Westchester County Executive George Latimer activated the Emergency Operations Center in Hawthorne at 8 a.m., to coordinate the County’s response to the major winter storm that is expected to bring a significant snowfall on Saturday into Sunday, followed by freezing temperatures on Monday.
Latimer urged County residents to take precautions for the weather event, which may bring downed trees and powerlines, power outages, coastal flooding and dangerous travel conditions.
“We are doing everything we can to prepare for the storm, and keep our residents safe,” he said. “I also urge our residents to take practical steps now to ensure that they are prepared to weather this storm, particularly if prolonged power outages occur.”
Under Latimer’s direction, County personnel assigned to the EOC will monitor storm preparations and oversee the County’s response and recovery. The County will be ready to assist municipalities with resources if requested, he said.
“As much as possible, stay off the roads during and immediately after the storm to give cleanup crews time to respond,” he said. “Doing so will keep everyone safe, and help crews get the job done faster.”
The County’s Department of Emergency Services and Health Department offer practical advice to help residents prepare for a major winter storm and stay safe both during and after. Please visit http://keepingsafe.westchestergov.com and www.westchestergov.com/health for more information.
Before the storm arrives:
- Have plenty of batteries on hand for flashlights and battery-powered radios. Keep them where you can find them easily if the power goes out at night.
- Keep cell phones and other important electronic devices fully charged.
- Turn the freezer and refrigerator to the highest setting. This will preserve food longer if the power goes out.
- Assemble a three-day supply of water and non-perishable foods, needed medications and extra clothing and blankets. Have a go-bag ready in case you must leave your home.
During the storm:
- Remain indoors if possible.
- Stay off the roads.
- Do not walk or drive close to snow plows; it is difficult for plow operators to see you.
- Do not go near, or drive over, downed power lines.
- Always follow the manufacturer’s instructions when using alternate heating sources like space heaters and wood burning stoves.
- Do not place a space heater within three feet of anything that may catch on fire, such as drapes, furniture or bedding, on top of furniture or near water, and never cover your space heater.
- Never leave children or pets unattended near a space heater, fireplace or wood burning stove.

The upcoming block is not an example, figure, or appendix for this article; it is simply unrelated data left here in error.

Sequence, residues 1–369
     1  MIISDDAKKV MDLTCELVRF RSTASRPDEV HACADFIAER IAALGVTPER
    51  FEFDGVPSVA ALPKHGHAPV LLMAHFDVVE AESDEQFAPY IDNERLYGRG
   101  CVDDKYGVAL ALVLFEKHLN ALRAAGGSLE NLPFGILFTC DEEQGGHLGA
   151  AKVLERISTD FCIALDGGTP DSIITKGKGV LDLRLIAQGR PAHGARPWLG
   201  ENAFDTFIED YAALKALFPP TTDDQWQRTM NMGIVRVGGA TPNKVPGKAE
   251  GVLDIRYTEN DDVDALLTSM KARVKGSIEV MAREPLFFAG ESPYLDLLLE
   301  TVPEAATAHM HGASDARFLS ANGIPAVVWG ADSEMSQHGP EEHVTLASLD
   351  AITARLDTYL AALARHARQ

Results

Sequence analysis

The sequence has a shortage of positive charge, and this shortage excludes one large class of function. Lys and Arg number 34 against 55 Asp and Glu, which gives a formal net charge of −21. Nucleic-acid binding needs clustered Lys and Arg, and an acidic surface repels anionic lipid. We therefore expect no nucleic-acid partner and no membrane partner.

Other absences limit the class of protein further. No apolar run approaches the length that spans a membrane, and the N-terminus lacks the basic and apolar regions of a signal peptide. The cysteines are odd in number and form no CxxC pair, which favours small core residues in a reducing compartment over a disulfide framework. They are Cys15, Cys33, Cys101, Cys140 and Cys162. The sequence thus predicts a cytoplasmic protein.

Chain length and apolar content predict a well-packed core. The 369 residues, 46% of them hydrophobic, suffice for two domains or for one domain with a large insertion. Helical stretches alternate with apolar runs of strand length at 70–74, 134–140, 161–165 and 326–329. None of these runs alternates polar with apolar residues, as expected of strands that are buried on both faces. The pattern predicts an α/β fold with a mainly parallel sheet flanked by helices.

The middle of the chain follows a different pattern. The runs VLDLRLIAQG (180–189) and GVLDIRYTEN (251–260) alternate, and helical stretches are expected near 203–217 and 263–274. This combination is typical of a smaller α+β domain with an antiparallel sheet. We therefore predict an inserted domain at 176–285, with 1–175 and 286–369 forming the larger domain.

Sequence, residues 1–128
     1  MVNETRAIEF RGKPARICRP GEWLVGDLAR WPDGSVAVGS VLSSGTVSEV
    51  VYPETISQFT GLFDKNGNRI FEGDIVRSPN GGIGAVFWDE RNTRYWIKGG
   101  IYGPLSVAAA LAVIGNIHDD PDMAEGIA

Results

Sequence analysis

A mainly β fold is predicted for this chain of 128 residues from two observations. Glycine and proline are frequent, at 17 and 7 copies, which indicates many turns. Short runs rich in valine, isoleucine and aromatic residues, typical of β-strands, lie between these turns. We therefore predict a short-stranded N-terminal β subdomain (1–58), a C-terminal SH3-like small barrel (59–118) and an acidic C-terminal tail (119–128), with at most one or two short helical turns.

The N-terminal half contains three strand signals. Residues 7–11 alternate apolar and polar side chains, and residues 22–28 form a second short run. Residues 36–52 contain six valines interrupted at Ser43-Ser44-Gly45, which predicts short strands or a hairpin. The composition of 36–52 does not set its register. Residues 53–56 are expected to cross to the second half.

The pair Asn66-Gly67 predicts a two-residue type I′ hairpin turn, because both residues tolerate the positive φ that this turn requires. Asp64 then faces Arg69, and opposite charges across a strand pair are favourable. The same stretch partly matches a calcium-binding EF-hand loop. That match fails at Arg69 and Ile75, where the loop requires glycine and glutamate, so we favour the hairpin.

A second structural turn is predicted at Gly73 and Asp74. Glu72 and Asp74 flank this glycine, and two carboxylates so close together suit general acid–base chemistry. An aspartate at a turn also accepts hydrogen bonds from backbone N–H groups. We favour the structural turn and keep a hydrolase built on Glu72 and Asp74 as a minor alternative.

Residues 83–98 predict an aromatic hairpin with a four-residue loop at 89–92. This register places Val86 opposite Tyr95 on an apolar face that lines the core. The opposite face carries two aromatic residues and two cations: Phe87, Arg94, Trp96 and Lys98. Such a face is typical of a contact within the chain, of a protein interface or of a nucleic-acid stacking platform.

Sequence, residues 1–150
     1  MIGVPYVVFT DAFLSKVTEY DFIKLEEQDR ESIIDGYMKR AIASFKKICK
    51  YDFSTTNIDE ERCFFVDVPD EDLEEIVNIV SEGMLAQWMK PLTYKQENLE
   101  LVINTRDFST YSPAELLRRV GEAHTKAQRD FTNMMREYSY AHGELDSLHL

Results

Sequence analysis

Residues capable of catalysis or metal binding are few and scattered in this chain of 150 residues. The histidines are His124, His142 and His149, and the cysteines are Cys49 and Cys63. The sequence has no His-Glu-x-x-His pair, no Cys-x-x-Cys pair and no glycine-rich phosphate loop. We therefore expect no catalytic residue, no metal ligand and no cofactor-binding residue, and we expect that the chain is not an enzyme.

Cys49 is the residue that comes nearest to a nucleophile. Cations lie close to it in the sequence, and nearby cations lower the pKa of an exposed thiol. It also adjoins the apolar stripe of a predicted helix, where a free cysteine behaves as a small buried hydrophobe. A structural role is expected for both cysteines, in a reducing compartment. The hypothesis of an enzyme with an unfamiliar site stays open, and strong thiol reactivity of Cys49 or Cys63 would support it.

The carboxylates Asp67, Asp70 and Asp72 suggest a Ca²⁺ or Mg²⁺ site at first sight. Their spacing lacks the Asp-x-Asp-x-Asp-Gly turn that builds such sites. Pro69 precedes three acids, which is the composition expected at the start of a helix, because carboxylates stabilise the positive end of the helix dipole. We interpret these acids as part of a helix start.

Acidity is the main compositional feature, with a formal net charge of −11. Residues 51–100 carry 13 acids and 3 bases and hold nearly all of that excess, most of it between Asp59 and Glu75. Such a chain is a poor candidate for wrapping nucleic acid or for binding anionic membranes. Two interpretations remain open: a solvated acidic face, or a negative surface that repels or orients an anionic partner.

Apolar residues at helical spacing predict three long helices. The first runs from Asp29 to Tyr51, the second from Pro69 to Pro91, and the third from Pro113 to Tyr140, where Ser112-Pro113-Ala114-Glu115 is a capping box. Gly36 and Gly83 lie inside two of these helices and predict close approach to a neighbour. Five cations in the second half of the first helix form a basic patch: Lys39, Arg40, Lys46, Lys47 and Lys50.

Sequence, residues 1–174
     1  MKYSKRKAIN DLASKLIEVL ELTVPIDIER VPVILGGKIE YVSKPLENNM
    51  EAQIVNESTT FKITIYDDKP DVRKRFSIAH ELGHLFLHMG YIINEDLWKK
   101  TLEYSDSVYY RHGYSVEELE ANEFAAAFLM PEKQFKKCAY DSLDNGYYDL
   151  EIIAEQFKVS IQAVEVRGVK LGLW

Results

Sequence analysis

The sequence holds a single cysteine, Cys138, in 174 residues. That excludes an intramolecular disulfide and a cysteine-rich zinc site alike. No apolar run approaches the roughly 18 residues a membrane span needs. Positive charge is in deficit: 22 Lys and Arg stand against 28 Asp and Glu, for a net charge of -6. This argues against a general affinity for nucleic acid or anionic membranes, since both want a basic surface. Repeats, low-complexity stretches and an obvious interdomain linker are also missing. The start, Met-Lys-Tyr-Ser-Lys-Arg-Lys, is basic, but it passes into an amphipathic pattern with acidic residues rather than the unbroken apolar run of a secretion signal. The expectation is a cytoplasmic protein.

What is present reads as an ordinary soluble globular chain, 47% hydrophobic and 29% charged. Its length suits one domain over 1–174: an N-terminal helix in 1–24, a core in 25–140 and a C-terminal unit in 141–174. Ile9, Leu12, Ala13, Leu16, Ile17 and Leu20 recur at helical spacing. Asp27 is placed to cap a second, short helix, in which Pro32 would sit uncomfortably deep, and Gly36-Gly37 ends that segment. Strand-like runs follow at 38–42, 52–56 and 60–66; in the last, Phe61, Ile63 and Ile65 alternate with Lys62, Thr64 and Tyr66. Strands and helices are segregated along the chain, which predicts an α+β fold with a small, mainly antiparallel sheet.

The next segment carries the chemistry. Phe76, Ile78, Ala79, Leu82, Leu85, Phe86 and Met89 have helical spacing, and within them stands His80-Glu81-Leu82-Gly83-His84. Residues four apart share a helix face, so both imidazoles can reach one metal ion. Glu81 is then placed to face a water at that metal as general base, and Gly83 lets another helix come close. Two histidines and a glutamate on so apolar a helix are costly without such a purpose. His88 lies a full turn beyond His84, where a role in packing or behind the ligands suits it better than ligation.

If the power goes out:
- Call the local utility company to inform it of the power outage. Con Edison’s 24-hour hotline is 1-800-75-CONED (752-6633) and NYSEG's hotline service is 1-800-572-1131.
- Leave a light on to let you know when power has been restored.
- Use flashlights or battery-operated lanterns instead of candles, as candles are a fire hazard.
- Limit opening refrigerator and freezer doors as much as possible.
- Do not operate electrical generators indoors, (this includes the garage) as it could lead to carbon monoxide poisoning. Only use them outside in a well-ventilated area, far away and downwind from your home.
- If you use a fireplace, wood stove or portable kerosene heater to stay warm, be sure to adequately ventilate to the outside to avoid carbon monoxide build up in your home. Never use a natural gas or propane stove to heat your home.
- Never use the stove or gas range in your kitchen to heat your home.
After the storm:
- Dress warmly in windproof clothing to prevent frostbite and hypothermia.
- Wear several layers of loose-fitting clothing to trap body heat. Remember gloves, scarves and a hat that covers the ears.
- Shovel snow in moderation, particularly if you have any medical condition or you do not exercise regularly. Clear snow off the roof of your car to avoid creating a hazard for other drivers. Do not shovel snow from driveways and sidewalks into the street.
- Never start or operate a snow blower or chain saw in your garage.
- Clear the area around hydrants near your property, if possible.
- Before driving, clear snow from vehicle windows and roofs.
- Be on the lookout for falling ice and snow from roofs and gutters. When a lot of heavy snow and ice has accumulated on roofs, do not stand under structures that are not well-supported.
- During a prolonged power outage, these foods are potentially hazardous if not stored below 41 degrees Fahrenheit and should be discarded: meat, poultry, seafood, cold cuts, hot dogs, eggs, cream, sour cream, yogurt, milk, custards, puddings, soft and shredded cheeses, cut fruit, cooked vegetables, pasta, casseroles, unbaked cookie and bread dough, gravy, creamy salad dressings, fish sauces, hoisin sauce, opened spaghetti sauce and garlic in oil. Remember, when in doubt, throw it out.